New Changes for PSW’s and PA’s to help Deliver Better Care

The Ontario government says it is improving consistency and patient understanding in the health care system through new changes that will allow personal support workers (PSWs) to register with the new Health and Supportive Care Providers Oversight Authority (HSCPOA) and that will regulate physician assistants (PAs) through the College of Physicians and Surgeons of Ontario (CPSO). These changes will provide better oversight in the health care system, supporting patient confidence and helping PSWs and PAs deliver connected and convenient care across Ontario.

“Our government is taking bold action to grow and support Ontario’s health care workforce now and for years to come,” said Sylvia Jones, Deputy Premier and Minister of Health. “Through these changes, our government is reinforcing the critical role personal support workers and physician assistants play in our health care system while supporting the confidence of patients and their families.”

Beginning December 1, 2024, the more than 100,000 personal support workers in Ontario will have the option to register with the new HSCPOA. The HSCPOA will ensure consistent education and training for personal support workers, regardless of where they work and if they are part-time or full-time, to support their career growth and give patients confidence they are receiving high-quality care.

Those registered with the authority will also be listed on an online public register and be easily identified with the HSCPOA’s quality mark on their identification badge or paperwork in order to show employers, patients and their families proof of registration.

On April 1, 2025, physician assistants will be regulated with the College of Physicians and Surgeons of Ontario to improve their integration within Ontario’s health care system and facilitate quality care and patient safety. Physician assistants help reduce wait times and improve patient access to care, especially in emergency departments and primary care in rural communities. Under the supervision of a physician, physician assistants may work individually or alongside nurses and other members of health care teams to provide health services such as:

  • Taking patient histories
  • Conducting physical examinations
  • Ordering and interpreting tests
  • Diagnosing and treating illnesses
  • Counselling on preventive health care

Together these new regulatory changes will help build a more connected, patient-centered health care system by ensuring people continue to have access to timely, high-quality care when connecting to care in settings including emergency departments, primary care, home care and long-term care.

Through Your Health: A Plan for Connected and Convenient Care, the Ontario government continues to take every action to support the province’s highly-skilled workforce work the full extent of their training and experience to ensure people have access to timely, high-quality care in all health care settings including emergency departments, primary care, home care and long-term care.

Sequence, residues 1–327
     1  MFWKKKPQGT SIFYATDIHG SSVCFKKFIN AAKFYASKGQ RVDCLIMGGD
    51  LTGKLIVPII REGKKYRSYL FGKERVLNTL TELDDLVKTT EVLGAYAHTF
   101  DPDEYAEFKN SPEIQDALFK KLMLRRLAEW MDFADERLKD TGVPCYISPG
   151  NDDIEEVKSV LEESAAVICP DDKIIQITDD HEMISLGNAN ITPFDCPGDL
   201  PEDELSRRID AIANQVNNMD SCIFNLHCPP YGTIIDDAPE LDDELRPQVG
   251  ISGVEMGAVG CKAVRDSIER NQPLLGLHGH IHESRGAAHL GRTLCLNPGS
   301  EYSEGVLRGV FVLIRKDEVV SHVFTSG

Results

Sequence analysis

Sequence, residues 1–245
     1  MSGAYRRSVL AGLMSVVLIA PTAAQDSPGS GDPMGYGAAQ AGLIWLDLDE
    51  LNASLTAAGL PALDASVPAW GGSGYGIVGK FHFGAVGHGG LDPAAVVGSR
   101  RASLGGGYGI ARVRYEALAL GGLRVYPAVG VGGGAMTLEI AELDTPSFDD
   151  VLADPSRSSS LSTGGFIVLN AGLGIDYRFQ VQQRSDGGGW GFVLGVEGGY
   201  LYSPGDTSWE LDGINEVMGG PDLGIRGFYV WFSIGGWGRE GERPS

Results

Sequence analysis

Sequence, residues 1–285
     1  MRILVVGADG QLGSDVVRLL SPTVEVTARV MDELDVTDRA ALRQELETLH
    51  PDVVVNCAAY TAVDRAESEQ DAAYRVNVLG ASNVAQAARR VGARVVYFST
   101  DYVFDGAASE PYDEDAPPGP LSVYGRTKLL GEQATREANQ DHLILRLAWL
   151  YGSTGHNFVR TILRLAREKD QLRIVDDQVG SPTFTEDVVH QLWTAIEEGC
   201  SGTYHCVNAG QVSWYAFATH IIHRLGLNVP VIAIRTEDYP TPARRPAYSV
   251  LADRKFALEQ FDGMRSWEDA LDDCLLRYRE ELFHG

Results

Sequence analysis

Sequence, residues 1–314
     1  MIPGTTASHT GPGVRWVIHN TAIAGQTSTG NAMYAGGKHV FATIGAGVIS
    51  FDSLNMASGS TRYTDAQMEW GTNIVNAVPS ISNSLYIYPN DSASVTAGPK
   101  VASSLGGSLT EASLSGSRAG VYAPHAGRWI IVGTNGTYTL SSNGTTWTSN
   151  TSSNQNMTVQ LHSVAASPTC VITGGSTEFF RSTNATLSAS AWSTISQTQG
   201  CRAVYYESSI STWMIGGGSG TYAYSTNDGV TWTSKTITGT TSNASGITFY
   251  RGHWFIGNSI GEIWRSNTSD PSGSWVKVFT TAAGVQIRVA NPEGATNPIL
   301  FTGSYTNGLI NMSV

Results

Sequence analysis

Quick Facts

  • HSCPOA will begin working with personal support workers and employers this summer to raise awareness about the benefits of registration and when PSWs may begin to pre-apply online before December 1, 2024.
  • CPSO will advise physician assistants this fall on when they may begin to apply online so that all eligible PAs are registered by April 1, 2025.
  • As part of the 2023 budget, Ontario began to add the first of 52 new physician assistant training spots. Twenty-four have been added to date and once fully implemented, the investment will bring the total number of seats to 104.
  • Since 2018, Ontario has seen a record-breaking number of new health care professionals join the workforce, adding 80,000 new nurses with another 30,000 nurses currently studying at Ontario colleges and universities, and adding over 24,000 new PSWs since 2020.
  • The Ontario government is investing $300 million over three years, or up to $25,000 per student, to help thousands of people launch their careers as PSWs.
  • More than 920,000 pharmacist assessments have been completed since allowing pharmacists to treat and prescribe for 19 common medical ailments, including pink eye, uncomplicated UTIs and acne. Currently, more than 4,800 pharmacies (98 per cent of the pharmacies in the province) have participated in the program.
  • Since expanding the role of registered nurses to prescribe medications, 122 registered nurses have been authorized to prescribe, after meeting specific requirements, with close to 900 others in the process of meeting education requirements for RN prescribing.